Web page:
Aurora Borealis – Curtains?

Living some way further south than the southernmost point at which you can usually see the Northern Lights in the UK, I’ve never actually seen them.  I suppose if I were that keen I would arrange a trip to Scandinavia, and perhaps I will some time in the future.

I first came across the Aurora Borealis as a child when looking through an ancient book which must have belonged to one of my parents – The Wonder Book of Would you Believe it, I think it was called!  There was a ghostly painted illustration of the curtains effect produced by the Aurora and that, coupled with the musty smell of the old book, is what I always see in my mind when the Aurora’s mentioned.  At around the same time I was given a doll, a bit like a Barbie doll but with dark hair and a massive bouffant.  She had a lime green dress with a huge white and lime green polka dot collar and had pointy feet but no shoes.  I promptly christened her Aurora.  I’m not sure where she ended up and I only have one doll now from that era, and that’s probably because it wears clothes hand-knitted by my mother so she didn’t bin it!

Incidentally, apparently my grandfather nearly woke my mother up when she was little and there was a good showing of the Aurora from where they were living at the time, and she always wished he had done.  Maybe my fearsome grandmother stopped him!

Anyway, I heard on the radio the other day about a very near miss that occurred in 1995 when Norwegian and American scientists launched a rocket from off the Norwegian coast which was carrying research equipment to study the Aurora.  Naturally this was detected by Russian radar operators.  For one reason or another, the Russian authorities got as far as activating their nuclear ‘suitcases’ and were preparing a nuclear attack, the first and only time that this has ever happened apparently.

Eventually Russian observers realised that the rocket was heading away from them and then had fallen to earth harmlessly, so everything was stood down.  The Russians notified their people a week later.  There hadn’t even been time to do that and if it had been a real nuclear attack, Bam –  Imagine, Boris Yeltsin with his finger on the nuclear button?!  In 1995, it was generally felt that that was as near as the world would ever get to nuclear conflict because East/West relations were opening up.

At the end of the radio programme, the presenter pointed out that many more countries now possess nuclear capability and some of these countries are unstable to say the least, and somewhat concentrated in a part of the world where the possibility of violence and war is always present or is even actually happening.  So what now?

Hmm.

Wish I was back on my bunk bed playing with my Aurora doll, I think!

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Arnold’s Lion – or I know what I saw

Riding along in the train on the way to Reading one morning, I most definitely saw a lion.  It was happily strolling around in a green area where there always seemed to be fairground equipment stored.  Nobody else was looking – they were all either asleep, reading their papers or listening to their Sony Discmans (Discmen?) with their eyes shut.  I told my husband when I got home that evening and he clearly thought I was a bit mad, although he was very nice about it.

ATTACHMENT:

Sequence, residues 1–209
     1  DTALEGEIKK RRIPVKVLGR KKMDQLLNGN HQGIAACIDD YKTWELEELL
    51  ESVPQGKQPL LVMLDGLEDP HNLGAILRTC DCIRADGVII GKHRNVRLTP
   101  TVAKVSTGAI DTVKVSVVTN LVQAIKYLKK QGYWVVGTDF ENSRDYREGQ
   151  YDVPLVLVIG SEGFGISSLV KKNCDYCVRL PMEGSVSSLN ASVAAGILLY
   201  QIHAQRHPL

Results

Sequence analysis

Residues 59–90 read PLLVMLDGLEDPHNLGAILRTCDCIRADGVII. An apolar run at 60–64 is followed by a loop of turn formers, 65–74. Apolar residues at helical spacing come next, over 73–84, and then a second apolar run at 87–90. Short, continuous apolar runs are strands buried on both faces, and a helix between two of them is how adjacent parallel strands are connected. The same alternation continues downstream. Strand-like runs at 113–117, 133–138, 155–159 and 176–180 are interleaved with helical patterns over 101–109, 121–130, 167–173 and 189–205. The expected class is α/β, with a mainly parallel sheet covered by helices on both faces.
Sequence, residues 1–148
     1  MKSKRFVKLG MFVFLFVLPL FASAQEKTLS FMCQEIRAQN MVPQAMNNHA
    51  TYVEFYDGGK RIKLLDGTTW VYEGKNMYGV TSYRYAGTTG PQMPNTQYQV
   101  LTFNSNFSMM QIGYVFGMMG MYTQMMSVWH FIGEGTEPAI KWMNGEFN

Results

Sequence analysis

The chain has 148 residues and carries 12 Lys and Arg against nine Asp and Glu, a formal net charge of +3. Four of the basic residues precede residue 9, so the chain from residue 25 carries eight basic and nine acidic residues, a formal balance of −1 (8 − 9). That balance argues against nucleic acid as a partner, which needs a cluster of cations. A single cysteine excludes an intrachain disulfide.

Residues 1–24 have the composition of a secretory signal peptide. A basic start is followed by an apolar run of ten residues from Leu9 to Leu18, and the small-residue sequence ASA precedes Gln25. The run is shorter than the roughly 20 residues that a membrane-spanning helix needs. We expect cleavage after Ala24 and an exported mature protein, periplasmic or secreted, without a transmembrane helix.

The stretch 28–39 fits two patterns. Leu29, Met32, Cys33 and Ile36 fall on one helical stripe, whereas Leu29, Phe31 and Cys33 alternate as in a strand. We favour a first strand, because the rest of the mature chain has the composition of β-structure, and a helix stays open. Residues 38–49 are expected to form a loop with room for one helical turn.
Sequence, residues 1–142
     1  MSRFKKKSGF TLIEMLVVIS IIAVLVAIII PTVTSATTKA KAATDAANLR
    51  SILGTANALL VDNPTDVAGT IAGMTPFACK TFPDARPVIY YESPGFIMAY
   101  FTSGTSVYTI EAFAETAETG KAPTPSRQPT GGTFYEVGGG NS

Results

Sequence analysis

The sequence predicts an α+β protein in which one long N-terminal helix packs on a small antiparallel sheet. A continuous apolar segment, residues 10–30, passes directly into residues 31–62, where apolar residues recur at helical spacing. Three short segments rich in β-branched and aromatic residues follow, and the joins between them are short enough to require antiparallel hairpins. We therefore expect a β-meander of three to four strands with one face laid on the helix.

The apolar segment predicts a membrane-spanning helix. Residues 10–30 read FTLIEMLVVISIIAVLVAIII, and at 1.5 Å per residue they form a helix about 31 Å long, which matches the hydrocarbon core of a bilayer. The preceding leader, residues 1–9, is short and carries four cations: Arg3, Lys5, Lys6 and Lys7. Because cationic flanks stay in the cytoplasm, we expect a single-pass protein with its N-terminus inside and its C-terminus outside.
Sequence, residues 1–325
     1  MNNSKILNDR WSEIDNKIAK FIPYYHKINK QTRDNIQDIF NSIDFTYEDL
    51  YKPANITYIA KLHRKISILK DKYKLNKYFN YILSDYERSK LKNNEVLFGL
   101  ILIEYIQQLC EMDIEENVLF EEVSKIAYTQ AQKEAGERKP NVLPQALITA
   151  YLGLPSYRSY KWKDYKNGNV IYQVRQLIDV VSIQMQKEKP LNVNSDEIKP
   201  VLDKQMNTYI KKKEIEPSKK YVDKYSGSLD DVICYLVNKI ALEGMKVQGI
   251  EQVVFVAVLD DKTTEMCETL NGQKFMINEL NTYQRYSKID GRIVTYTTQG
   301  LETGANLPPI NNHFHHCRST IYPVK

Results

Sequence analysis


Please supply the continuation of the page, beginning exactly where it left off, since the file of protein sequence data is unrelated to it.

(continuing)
People don’t always believe you when you tell them what you’ve seen, so much so that you can eventually end up doubting it yourself.  Or it can work the other way round.  People can convince you that you’re seeing something when you’re really not.  A classic place for this to happen is at school, when the whole class gets to witness it.  I was once convinced by a group of friends that they could see a particular girl (admittedly rather an eccentric one) up a tree.  Eventually, I fell right into the trap and said “Oh, yes!”.  Collapse into meanie mirth by everyone.  Actually there was kind of an excuse, because that was the summer it was discovered that I had probably been quite badly short-sighted for about 5 years and I was pretty used to not really being able to see stuff which I knew was there.

This can all have its serious side as well, though.  Think about witnesses to serious crime or crimes against humanity.  There have been occasions when people have to ride out years of people doubting or even rubbishing them when they say that such and such happened.  Or the same with whistle-blowers – you have to be brave, but you know when something has to be reported, even though it’ll cost and you know you may not be believed.

Some years after the lion sighting, we were having dinner with some friends.  We were talking about the trains (you could talk for hours about what was wrong with BR back then!) when the guy half of the couple, Arnold, suddenly said: “You know, I saw a lion from the train near Reading once”.  Cue rolling of eyes and wry grin from his wife.  My husband’s mouth dropped open (the lion sighting had become a regular joke in our household) and I guess mine must’ve done too because Arnold sighed: “You don’t believe me, do you?”.  “Oh blimey, yes!”, I said.  “I saw that and nobody has EVER believed me!  I totally believe you!”.  It was a bit of a relief to both of us because we’d eventually thought that perhaps we must’ve imagined it because it was so improbable.  So there you go.  Fact often stranger than fiction, good examples of which are Brexit and the election this week of the creature from the orange lagoon.